The proposed Metal Tariffs will have an impact on many industries, but it will hit the HVAC industry very hard and the consumers will ultimately be the ones to pay higher prices for their air conditioning and heating systems. With the R22 refrigerant being banned and unusable after 2020, people in need of a new A/C and heating system would be wise to look at replacing as soon as possible to avoid paying higher rates on the equipment caused by the metal tariffs. Most HVAC companies work with financing companies to make the investment in a new air conditioning and heating system more manageable for consumers.
The US has since said it was “cautiously hopeful” that the two economic giants could come to an agreement on trade issues.
Mr. Azevedo told the BBC’s HardTalk program that while a global trade war had not yet been initiated, the world was “seeing the first movements towards it”.
Earlier this month the US announced broader metal tariffs on steel and aluminum imports which affected many nations including China. Beijing responded with its own set of proposed tariffs.
The scale of damage done to the global economy, and its rate of expansion, would depend on what the trade war encompassed, Mr. Azevedo said.
Media captionWATCH: WTO’s Roberto Azevedo: http://www.bbc.com/news/business-43564714
We want to avoid a trade war. “If it’s just limited to steel and aluminum, it’s one thing. If you’re talking about hundreds and thousands of products, it’s a completely different thing. And the impact will be significantly different.”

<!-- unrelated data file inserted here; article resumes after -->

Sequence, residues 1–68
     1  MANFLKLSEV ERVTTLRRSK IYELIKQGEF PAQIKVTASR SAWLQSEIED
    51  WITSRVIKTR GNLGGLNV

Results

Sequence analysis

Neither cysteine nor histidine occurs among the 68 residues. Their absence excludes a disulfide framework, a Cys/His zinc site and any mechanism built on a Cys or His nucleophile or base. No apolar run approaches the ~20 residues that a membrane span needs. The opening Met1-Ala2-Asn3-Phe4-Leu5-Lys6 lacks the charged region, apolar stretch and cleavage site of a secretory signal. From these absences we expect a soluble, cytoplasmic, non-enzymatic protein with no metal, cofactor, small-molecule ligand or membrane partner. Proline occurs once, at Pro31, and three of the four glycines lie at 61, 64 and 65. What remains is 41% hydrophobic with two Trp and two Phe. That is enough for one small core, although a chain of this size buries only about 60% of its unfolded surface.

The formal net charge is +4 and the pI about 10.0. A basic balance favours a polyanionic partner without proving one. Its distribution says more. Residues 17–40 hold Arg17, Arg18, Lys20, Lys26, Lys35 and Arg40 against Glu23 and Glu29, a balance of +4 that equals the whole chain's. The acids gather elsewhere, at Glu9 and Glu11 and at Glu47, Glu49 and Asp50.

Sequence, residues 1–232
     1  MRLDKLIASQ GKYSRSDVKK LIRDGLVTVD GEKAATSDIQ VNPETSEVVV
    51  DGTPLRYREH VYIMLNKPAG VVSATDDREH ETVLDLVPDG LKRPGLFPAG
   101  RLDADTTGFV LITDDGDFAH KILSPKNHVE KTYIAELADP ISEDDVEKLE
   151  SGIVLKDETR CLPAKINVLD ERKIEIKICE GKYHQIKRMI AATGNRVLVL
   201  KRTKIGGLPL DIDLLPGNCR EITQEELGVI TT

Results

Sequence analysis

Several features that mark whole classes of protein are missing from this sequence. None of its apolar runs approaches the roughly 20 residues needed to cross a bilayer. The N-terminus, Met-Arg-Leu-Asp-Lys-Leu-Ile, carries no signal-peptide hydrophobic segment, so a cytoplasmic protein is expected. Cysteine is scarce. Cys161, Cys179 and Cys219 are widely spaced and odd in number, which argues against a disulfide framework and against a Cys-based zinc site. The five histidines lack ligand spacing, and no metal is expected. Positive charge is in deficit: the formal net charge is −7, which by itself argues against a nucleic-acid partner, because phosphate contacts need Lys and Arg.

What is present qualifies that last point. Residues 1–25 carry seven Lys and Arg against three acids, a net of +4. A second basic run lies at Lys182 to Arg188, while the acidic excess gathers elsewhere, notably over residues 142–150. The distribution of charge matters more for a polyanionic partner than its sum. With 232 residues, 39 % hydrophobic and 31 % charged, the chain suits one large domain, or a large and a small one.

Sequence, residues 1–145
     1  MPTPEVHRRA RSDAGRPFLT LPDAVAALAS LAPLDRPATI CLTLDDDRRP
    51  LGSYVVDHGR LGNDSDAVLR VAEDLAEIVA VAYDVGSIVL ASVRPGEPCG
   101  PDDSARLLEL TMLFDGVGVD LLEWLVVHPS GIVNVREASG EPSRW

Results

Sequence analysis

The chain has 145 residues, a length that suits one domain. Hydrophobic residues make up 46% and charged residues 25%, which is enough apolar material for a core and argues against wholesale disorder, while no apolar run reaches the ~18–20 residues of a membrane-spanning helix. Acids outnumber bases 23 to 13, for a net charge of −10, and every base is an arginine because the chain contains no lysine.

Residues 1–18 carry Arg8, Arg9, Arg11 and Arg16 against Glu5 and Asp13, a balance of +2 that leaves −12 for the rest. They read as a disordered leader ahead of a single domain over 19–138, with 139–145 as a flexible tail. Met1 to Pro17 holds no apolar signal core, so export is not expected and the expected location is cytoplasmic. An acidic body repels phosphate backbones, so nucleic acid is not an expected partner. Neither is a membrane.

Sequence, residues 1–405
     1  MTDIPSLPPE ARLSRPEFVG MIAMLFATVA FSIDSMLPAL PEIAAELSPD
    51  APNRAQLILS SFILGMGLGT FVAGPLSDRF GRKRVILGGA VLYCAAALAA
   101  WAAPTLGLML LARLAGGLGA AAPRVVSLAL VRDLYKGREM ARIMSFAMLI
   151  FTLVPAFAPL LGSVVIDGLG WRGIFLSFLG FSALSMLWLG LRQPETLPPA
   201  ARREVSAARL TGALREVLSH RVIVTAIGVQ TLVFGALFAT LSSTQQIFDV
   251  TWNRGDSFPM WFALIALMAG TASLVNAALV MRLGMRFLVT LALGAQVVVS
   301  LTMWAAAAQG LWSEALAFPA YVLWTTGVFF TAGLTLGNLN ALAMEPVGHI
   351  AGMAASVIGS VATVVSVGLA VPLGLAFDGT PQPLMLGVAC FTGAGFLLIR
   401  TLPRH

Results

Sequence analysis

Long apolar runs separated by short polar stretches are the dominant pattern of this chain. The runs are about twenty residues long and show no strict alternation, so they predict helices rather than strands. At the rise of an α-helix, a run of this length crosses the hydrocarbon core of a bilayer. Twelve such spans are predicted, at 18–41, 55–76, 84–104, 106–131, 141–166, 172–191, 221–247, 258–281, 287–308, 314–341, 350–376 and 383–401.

But he said there was little doubt that the trade clash was a “big problem”. “I don’t think anybody believes that this is something minor, even in the US administration.
“These conversations are ongoing precisely because people are beginning to understand, I hope, how serious this is and the kind of impact this could have on the global economy.”
Washington has also has launched a complaint against China for breaking basic patent rights rules at the WTO – a body that Mr. Trump has said is a “catastrophe” and “a disaster” for the US.
Mr. Azevedo said the clashes between the US and China were some of the most difficult moments the WTO had faced in its 23-year history.
“If not the toughest, one of the toughest, yes for sure,” he said.
“Given the nature of the challenges before the [WTO] system, where it comes from and so on, it’s really tough right now.”
But he said that despite some rhetorical statements that pointed towards the US wanting to leave the WTO altogether, there was no indication this was going to happen and that there were “still conversations ongoing and still negotiations ongoing”.
“Now that doesn’t mean that we should downplay that – you don’t want to be in the war,” he said.
“We want to avoid the (metal tariffs) war so everything that we can do to avoid being in that situation, we must be doing at this point.”